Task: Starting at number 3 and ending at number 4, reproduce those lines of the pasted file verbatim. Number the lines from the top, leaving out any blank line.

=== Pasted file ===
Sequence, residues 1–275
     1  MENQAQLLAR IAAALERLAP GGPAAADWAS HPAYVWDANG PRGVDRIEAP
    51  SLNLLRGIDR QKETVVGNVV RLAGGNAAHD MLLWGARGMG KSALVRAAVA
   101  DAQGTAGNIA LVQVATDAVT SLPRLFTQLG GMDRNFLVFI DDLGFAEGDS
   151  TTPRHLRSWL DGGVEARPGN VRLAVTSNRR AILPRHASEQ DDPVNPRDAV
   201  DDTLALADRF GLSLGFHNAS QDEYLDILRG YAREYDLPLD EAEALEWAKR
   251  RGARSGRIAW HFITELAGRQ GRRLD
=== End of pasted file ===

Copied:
    51  SLNLLRGIDR QKETVVGNVV RLAGGNAAHD MLLWGARGMG KSALVRAAVA
   101  DAQGTAGNIA LVQVATDAVT SLPRLFTQLG GMDRNFLVFI DDLGFAEGDS